By Tim W. Jackson
As a writer, I appreciate songwriting. But when a singer-songwriter’s CD package includes a full book—liner notes to the extreme!—then I’m doubly impressed. Scott Cook has done just that with Tangle of Souls, a 12-song album complete with a hard-cover book of 240 pages released Aug. 7.
If you don’t know Cook, who has both Canadian and U.S. citizenship, you should. Tangle of Souls is his seventh album, and he’s traveled the world playing his songs. Cook uses a string band in Tangle of Souls to convey an array of themes and then adds to the ideas in the complementary book.
In looking at the book first, it offers an introduction followed by 12 chapters, each one relating to a song on the album. He follows the chapters with an afterword (where he had time to sneak in a bit about COVID-19, among other things, before the book went to print), along with instructions on how to play his songs, recommendations for further reading, and credits. Each chapter is essentially an essay based, sometimes loosely, on the theme of the corresponding song. Throughout, Cook looks at his extensive travels, battling his own demons, and deep dives—complete with copious footnotes—into history, politics, and economics.
As with many folk singers, Cook is a champion of the working class, and that comes through in both the album and the book. He freely cites Noam Chomsky, Murray Bookchin, Naomi Klein, James Baldwin, Martin Luther King Jr., and others. You’ll find quotes from a smattering of writers and musicians including Walt Whitman, Leonard Cohen, Mary Oliver, Bruce Springsteen, and Woody Guthrie.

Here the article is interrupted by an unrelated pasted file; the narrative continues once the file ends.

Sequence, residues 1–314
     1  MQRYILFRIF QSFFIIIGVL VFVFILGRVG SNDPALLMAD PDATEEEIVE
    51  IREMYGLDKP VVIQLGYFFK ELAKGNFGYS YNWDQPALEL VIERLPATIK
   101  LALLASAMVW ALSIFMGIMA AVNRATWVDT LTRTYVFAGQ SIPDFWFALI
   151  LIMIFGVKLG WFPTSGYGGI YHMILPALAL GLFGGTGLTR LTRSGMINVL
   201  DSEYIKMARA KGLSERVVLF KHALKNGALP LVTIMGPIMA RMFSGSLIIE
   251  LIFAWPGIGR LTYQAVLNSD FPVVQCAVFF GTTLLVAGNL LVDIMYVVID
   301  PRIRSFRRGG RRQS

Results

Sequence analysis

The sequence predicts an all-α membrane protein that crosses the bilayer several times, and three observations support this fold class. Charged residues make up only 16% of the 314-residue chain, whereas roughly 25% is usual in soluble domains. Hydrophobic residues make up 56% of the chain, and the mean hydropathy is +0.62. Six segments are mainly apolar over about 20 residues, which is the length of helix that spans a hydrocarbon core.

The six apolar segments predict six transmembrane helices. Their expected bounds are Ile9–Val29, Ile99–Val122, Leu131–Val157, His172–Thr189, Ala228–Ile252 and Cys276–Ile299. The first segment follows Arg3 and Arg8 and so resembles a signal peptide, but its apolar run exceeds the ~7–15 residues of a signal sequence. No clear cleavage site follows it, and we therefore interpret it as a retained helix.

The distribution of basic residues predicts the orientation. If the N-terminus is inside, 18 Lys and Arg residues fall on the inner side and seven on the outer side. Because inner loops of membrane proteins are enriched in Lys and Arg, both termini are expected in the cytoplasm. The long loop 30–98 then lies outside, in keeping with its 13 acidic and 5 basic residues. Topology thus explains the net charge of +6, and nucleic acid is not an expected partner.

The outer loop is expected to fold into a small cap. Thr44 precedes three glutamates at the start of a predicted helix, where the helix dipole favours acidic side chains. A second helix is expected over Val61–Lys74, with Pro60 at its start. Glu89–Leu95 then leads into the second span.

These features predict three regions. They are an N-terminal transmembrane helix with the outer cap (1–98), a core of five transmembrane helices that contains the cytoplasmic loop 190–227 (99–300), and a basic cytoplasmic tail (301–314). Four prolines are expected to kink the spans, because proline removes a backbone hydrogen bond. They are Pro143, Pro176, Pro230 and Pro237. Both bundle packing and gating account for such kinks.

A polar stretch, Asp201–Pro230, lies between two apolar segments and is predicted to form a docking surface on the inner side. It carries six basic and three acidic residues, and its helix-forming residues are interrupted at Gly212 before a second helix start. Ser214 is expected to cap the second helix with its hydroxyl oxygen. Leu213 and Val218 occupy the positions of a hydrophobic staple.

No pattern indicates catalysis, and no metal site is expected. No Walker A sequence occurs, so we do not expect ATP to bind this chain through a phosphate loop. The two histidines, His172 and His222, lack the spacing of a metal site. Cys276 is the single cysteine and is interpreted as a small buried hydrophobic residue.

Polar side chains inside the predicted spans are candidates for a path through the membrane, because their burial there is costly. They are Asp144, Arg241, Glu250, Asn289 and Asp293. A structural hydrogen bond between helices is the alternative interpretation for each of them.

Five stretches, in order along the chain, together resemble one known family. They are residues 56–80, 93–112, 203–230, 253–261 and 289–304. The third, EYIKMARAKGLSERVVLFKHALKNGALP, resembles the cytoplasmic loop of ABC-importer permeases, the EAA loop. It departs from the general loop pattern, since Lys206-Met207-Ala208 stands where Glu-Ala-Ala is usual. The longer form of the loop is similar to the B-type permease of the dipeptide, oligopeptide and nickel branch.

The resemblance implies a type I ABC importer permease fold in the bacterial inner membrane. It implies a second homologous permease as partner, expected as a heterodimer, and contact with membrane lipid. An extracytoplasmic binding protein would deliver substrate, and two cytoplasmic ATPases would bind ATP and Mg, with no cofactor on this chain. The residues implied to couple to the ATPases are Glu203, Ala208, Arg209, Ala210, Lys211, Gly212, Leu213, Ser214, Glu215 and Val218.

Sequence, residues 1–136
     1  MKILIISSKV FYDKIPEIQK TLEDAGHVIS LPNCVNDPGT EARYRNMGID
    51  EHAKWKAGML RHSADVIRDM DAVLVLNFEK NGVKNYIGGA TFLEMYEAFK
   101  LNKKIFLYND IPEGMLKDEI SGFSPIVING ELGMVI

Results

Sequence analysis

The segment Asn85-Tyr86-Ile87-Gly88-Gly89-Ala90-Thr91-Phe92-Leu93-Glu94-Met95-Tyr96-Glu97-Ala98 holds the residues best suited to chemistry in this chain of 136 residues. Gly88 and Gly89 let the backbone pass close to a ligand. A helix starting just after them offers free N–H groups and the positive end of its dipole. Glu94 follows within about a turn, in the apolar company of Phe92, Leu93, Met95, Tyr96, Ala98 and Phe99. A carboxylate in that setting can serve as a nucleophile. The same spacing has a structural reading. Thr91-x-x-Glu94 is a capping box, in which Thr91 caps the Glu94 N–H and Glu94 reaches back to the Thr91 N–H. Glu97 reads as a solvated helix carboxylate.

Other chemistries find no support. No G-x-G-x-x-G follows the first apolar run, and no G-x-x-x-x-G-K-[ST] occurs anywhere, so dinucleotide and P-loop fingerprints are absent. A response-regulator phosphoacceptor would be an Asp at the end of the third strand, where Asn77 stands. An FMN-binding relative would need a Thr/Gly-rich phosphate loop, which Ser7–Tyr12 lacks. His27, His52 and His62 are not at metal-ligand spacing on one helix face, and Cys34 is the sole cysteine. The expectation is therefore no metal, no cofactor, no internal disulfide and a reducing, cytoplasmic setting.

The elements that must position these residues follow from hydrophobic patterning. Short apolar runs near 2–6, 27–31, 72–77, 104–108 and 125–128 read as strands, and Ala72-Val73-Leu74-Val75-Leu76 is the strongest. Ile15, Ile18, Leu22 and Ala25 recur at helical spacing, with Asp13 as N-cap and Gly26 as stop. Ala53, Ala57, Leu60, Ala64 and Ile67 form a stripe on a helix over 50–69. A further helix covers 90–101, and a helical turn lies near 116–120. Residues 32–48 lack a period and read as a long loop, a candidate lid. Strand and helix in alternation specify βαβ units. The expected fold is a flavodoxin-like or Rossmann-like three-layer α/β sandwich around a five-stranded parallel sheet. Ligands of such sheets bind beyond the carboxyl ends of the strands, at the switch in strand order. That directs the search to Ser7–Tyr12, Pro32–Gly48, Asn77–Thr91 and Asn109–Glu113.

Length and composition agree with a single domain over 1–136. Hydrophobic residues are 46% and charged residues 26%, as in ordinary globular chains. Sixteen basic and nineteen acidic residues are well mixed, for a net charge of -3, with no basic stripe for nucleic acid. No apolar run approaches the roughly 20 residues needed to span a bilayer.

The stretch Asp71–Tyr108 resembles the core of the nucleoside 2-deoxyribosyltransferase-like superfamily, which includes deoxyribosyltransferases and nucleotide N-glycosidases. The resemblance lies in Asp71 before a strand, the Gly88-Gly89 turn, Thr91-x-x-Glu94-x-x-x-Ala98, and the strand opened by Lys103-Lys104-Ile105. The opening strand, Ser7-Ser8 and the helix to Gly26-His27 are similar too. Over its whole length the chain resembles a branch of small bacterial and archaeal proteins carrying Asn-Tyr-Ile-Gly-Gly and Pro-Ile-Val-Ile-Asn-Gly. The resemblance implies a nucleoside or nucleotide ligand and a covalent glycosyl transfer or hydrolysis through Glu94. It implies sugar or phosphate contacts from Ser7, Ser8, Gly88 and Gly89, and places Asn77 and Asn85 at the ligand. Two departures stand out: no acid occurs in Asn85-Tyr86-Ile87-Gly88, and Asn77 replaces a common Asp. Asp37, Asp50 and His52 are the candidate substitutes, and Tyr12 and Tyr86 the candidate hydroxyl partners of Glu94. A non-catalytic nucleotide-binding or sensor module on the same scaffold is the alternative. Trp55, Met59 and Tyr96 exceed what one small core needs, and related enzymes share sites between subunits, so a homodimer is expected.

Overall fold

Perhaps most appealing is Cook’s plain talk—warm, inviting, nonchalant—with a philosopher’s point of view. As an example, while using numerous footnotes to back various references, perhaps the longest footnote in the book is Cook’s ranking of non-alcoholic beers.
While the book may not appeal to everyone, he certainly found his perfect audience member when I picked it up. Even if you don’t line up politically and philosophically with Cook, you’ll find that he exudes an empathy that is all too rare these days.
Although I could go on heaping praise on what is the best CD package that I have personally ever experienced, I suppose I should talk about the music, too.
Like the book, it’s a meandering of rumination and experience that offers a series of brief messages in song. From the opening track, which has the feel of a typical string-band ditty, to the final track, which is the lone instrumental, the album takes twists and turns that look at relationships and the state of the world. In “Say Can You See” (which just won third place in the Braver Angels Songwriting Contest), he offers his strongest indictment of the political system and the fact that both sides have abandoned the working class.
Hear me out for a second, this ain’t a partisan song
It ain’t about right and left, it’s about right and wrong
We’re fighting over scraps while a few are living like kings
‘Cause screwing us over’s a bipartisan thing.
Overall, the combination of music and words makes the Tangle of Souls package one that feels essential for 2020.